|Arizona State Rep. EddieFarnsworth|
Farnsworth figured out a way to sell his Primavera online charter school business – the one built with taxpayer funds – and make millions on the deal and then likely get himself hired to continue running the operation. He's converted his charter to a non-profit and thus will no longer have to pay property or income taxes.
Sweet plan. Sickeningly so, says Roberts, when you consider that Farnsworth is making his millions off of tax money intended to be used to educate Arizona children.
The Republic’s Craig Harris has spent all year reporting on operators who are getting rich – or at least, making a tidy pile of cash – off publicly funded charter schools, aided by laughable state laws that require hardly any oversight or accountability.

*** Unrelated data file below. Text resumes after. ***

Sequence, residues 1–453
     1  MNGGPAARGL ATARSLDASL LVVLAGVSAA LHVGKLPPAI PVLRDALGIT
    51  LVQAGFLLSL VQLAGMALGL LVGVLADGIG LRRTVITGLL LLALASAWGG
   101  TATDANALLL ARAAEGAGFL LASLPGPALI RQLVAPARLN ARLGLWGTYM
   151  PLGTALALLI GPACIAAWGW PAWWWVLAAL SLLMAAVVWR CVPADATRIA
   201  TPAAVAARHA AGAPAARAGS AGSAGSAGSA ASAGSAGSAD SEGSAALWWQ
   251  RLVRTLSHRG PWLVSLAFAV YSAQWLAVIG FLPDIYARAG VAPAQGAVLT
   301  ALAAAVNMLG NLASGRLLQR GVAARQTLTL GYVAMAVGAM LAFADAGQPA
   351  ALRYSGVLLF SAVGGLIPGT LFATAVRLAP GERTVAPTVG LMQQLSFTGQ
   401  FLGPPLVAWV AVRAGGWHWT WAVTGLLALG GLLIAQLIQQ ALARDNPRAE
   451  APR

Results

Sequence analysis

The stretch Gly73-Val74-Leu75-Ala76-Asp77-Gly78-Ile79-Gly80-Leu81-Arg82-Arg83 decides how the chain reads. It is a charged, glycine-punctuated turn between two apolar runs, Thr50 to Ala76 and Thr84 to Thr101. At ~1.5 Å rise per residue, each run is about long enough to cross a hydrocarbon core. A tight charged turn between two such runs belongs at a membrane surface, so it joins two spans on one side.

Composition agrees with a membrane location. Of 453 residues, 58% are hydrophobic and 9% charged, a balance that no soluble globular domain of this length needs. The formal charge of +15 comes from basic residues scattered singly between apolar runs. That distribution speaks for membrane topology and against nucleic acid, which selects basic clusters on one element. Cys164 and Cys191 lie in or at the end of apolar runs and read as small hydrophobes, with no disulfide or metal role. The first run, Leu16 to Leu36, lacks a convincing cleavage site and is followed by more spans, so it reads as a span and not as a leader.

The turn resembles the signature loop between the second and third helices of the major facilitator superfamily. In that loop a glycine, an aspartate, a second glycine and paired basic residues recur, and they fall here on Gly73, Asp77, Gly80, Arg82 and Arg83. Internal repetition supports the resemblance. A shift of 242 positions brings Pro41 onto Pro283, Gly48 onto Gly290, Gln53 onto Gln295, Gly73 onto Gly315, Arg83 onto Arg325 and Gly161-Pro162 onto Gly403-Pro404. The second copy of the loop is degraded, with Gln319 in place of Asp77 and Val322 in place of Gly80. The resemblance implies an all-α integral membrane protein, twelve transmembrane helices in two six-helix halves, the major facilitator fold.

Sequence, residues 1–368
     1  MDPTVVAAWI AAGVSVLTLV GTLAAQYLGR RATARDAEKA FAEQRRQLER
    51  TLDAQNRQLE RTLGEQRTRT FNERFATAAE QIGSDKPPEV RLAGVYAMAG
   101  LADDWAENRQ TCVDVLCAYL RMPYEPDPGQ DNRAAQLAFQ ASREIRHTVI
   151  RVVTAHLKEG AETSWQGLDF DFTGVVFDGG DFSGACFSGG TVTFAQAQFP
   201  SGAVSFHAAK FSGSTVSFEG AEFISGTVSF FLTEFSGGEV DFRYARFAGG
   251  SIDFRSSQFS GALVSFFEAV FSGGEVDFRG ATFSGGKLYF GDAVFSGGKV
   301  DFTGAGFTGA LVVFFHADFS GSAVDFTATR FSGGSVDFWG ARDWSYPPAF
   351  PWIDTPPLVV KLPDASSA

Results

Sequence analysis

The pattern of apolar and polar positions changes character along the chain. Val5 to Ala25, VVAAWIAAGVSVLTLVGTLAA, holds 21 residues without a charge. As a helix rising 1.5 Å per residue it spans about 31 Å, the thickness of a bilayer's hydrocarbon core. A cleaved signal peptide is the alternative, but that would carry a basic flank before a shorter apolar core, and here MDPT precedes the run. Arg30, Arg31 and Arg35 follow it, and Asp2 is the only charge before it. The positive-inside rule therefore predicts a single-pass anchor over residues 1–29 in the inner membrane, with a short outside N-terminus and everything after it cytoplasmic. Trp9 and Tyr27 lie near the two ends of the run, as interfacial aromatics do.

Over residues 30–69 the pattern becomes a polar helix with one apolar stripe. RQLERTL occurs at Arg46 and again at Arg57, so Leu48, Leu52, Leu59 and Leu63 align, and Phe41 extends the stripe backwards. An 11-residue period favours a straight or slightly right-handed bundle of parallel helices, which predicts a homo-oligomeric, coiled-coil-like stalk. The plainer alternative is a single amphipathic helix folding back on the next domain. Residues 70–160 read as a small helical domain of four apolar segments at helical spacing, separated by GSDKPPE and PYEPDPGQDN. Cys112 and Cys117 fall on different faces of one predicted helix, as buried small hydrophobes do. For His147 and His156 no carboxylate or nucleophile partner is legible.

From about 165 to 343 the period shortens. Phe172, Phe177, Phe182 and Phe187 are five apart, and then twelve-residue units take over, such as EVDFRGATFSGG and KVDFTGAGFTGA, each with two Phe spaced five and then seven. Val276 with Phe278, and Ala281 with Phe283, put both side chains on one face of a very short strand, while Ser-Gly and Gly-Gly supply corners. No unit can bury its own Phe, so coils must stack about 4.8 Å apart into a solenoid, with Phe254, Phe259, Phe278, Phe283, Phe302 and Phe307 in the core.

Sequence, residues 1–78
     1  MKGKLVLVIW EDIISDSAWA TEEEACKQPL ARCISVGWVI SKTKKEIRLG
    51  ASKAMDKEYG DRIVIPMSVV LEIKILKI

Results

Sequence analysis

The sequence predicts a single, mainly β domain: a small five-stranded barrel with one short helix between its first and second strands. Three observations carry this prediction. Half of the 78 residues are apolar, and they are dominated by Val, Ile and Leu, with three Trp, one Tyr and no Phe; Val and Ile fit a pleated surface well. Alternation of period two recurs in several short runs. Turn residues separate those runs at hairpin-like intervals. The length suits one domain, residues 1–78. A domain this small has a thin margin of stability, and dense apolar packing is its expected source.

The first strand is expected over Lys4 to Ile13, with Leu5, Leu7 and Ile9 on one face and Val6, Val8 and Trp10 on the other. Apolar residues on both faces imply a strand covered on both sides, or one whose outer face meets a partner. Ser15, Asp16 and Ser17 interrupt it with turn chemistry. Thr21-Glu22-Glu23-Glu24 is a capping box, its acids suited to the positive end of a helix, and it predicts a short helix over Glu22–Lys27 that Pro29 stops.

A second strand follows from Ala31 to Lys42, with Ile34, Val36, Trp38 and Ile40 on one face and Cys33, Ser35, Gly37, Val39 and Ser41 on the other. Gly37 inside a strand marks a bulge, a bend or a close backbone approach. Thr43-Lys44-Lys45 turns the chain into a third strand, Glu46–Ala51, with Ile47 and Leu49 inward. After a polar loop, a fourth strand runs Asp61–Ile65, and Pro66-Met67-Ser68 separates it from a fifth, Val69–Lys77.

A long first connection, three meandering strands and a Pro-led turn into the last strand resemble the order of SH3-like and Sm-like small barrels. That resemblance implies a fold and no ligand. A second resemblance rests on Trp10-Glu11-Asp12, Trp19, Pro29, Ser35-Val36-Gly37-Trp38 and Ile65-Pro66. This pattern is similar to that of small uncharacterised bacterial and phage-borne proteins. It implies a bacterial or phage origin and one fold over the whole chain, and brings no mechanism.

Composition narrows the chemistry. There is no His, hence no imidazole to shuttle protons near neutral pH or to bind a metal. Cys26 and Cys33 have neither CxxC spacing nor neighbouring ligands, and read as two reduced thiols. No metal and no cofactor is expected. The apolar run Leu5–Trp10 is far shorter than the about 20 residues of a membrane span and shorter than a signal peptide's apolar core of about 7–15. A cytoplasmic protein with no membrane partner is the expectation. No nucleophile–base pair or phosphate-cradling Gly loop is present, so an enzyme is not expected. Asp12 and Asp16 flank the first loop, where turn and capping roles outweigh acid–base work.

- There’s the Arizona Charter Schools Association’s No. 2 guy, using his position to throw business to a company he co-owns with his wife by giving her the names of students looking for a charter school. She scores a bounty for every student (and the tax dollars that go with that student) she delivers to certain charter schools.
- There’s BASIS Charters Schools founders Michael and Olga Block, who scored $10 million in fees to manage the charter chain of schools last year.
- There’s American Leadership Academy’s founder Glenn Way, who scored at least $18.4 million profit by getting no-bid contracts to build charter schools thanks largely paid for with public money.
- Then there’s Primavera online school, where most of the public funding has gone not to educate students but to elevate the company’s investment portfolio.